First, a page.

Food allergies are no joke, as this heroic eighth grader found out when a friend stopped breathing after eating French fries.
Thankfully, due to his ability to quickly assess the situation and respond appropriately, he saved his friend’s life.
Timothy Sullivan has been heralded a hero following his quick thinking during a recent field trip to Canobie Lake Park in New Hampshire. During the trip, the Bird Middle School students had lunch, when Timothy’s classmate, Haidar Faraj, suffered a severe allergic reaction after eating French fries.
The fries had been cooked in peanut oil, and with a serious allergy to nuts, Haidar broke out in hives and had difficulty breathing.
While other students didn’t know what to do for Haidar, Timothy sprang to action to administer the EpiPen that Haidar carries with him, but didn’t know how to use.
Haider explained, “We went to go use the EpiPen, but I didn’t know how to use it. So one classmate offered to help… She tried it, but it didn’t work at first. So then that’s when T Sully came in, and he helped me out.”
Thankfully, Timothy had learned how to use the EpiPen while at Brantwood summer camp. Grabbing the pen, he explained to Boston 25 News: “I took it. I said, ‘Haidar, are you ready?’ I said, ‘One, two, three,’ and I stabbed it into him.”
Another student captured the life-saving effort on video, with Timothy injecting the EpiPen into the student’s thigh.
Timothy noted, “I told him to come sit down, give your leg a rest, where he got stabbed, and I went to go get some security guards.”
The student was taken to the hospital and was able to return home a couple of hours later.
Timothy received an honor for his bravery, with Walpole Police Chief John Carmichael explaining, “He’s an amazing teenager, as you can see, and we’re very proud of him. He literally helped save that boy’s life. And you know, that in and of itself, that is the definition of a hero. And that’s a special young man.”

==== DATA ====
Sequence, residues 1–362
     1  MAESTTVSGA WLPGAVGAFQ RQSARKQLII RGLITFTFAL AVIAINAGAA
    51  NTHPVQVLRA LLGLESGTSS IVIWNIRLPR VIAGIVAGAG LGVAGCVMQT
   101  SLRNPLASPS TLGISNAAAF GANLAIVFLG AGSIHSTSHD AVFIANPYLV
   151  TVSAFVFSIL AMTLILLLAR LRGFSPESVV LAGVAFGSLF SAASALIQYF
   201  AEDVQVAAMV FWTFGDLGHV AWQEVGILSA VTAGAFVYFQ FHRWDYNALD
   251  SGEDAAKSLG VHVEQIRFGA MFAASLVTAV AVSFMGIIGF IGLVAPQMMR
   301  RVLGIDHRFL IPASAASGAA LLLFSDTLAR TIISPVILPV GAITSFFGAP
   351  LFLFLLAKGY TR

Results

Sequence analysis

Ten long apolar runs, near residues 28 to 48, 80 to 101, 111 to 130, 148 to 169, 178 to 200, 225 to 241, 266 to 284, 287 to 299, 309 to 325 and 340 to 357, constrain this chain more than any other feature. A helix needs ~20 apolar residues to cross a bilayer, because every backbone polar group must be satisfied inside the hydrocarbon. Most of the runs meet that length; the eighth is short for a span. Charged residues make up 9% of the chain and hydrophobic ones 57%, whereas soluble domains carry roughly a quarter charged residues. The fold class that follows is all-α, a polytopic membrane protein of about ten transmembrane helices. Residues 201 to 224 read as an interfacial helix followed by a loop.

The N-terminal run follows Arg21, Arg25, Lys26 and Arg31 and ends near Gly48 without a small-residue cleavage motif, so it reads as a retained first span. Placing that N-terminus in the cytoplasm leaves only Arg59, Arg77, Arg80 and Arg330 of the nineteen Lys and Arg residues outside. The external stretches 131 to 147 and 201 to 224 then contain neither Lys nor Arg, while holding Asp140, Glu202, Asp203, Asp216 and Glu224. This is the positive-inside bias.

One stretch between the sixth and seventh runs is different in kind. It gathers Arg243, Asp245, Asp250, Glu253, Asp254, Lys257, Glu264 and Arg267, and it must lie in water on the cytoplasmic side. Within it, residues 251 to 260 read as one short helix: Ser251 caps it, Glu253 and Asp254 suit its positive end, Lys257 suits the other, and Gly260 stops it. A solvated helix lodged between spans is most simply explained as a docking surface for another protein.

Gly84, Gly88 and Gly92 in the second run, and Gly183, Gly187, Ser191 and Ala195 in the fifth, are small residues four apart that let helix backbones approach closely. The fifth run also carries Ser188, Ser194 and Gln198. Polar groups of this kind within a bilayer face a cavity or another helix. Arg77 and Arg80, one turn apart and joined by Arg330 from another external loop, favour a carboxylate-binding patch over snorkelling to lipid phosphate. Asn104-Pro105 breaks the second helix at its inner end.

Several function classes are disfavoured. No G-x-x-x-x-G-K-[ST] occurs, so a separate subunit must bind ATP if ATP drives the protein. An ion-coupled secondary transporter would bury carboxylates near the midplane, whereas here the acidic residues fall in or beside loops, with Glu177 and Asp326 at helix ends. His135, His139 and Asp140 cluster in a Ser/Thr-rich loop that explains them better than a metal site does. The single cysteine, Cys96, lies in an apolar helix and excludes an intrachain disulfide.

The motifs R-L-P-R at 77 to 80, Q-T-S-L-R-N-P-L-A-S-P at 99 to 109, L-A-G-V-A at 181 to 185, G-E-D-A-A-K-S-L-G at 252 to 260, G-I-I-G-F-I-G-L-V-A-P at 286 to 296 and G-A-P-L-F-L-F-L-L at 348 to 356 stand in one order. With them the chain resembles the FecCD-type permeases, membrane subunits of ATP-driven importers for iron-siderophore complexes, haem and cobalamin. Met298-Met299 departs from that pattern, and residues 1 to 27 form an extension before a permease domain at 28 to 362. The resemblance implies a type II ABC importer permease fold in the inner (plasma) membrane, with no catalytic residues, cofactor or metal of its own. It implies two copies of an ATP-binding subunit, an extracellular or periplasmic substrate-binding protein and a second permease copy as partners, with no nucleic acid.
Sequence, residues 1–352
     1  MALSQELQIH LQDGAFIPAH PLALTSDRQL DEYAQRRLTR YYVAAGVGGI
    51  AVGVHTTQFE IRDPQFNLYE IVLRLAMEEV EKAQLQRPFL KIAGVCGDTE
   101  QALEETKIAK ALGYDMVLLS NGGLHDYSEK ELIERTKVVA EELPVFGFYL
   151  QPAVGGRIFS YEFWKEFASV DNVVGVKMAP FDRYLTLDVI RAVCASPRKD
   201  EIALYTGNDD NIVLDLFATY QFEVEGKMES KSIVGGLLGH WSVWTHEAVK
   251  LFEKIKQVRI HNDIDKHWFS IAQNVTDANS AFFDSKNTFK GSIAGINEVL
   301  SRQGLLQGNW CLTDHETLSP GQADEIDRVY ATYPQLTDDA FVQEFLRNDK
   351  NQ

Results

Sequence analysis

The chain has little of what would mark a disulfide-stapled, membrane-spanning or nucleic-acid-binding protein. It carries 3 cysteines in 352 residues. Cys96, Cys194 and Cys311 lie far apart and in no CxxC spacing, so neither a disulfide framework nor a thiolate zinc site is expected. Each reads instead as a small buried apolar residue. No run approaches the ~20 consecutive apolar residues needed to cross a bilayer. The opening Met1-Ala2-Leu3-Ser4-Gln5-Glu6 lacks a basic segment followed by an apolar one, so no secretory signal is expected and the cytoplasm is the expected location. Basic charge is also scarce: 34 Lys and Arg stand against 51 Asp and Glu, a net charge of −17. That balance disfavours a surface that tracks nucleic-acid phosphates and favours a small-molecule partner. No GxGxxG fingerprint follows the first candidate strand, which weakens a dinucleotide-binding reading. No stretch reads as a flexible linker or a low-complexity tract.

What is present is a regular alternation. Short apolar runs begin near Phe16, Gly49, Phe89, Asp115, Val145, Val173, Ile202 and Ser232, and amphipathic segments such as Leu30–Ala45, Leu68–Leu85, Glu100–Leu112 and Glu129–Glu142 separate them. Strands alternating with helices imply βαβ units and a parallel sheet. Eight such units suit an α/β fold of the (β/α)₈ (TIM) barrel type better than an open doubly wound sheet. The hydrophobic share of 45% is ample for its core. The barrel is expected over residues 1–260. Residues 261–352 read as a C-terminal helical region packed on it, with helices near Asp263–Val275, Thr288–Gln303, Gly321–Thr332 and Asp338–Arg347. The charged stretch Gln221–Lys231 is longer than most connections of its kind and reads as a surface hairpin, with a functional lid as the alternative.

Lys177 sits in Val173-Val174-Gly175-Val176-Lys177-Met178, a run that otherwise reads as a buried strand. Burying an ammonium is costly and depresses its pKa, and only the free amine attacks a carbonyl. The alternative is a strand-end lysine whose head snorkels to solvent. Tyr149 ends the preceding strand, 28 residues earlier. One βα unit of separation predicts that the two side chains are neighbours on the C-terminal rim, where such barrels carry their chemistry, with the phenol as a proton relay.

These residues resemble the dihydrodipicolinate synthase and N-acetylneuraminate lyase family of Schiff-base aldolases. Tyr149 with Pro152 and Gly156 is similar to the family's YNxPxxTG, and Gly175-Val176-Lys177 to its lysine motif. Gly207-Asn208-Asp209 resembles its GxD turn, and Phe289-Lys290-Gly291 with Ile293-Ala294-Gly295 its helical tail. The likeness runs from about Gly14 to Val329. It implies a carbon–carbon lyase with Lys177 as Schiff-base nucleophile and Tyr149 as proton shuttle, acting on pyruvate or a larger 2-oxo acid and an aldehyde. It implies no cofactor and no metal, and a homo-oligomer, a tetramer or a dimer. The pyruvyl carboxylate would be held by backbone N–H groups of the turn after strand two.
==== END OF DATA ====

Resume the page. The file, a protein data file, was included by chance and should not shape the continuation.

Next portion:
Timothy said of receiving the honor: “I thought I was in trouble when he handed it to me,” adding, “I honestly got proud of myself. It was honestly pretty cool to receive it.”
Haidar is forever grateful for his friend’s actions, noting: “It felt good that someone was there that knew how to use the EpiPen, and I was relieved when I knew that it worked.”
He added, “He saved my life. So it’s a good thing that he was recognized for that.”
Those who weighed in on the report at AllergyLifestyle.com’s Facebook page noted “Amazing friend” and “True friend – well done! Deserves his award.”
Another explained the dangers lurking for those with nut allergies, commenting: “Peanut oil is fine. The problem comes when it hasn’t been properly refined, meaning small amounts of the proteins people react to are left in the oil. I’ve never had a problem with it, but maybe in Europe the standard it is refined to is better than the US?”